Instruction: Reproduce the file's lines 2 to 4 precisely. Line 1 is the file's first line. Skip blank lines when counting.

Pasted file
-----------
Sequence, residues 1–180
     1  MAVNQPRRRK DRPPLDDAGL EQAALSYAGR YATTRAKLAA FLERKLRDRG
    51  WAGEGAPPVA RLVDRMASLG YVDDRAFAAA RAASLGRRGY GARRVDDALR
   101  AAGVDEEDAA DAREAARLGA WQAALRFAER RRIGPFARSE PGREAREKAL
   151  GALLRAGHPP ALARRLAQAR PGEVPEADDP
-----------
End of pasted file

     1  MAVNQPRRRK DRPPLDDAGL EQAALSYAGR YATTRAKLAA FLERKLRDRG
    51  WAGEGAPPVA RLVDRMASLG YVDDRAFAAA RAASLGRRGY GARRVDDALR
   101  AAGVDEEDAA DAREAARLGA WQAALRFAER RRIGPFARSE PGREAREKAL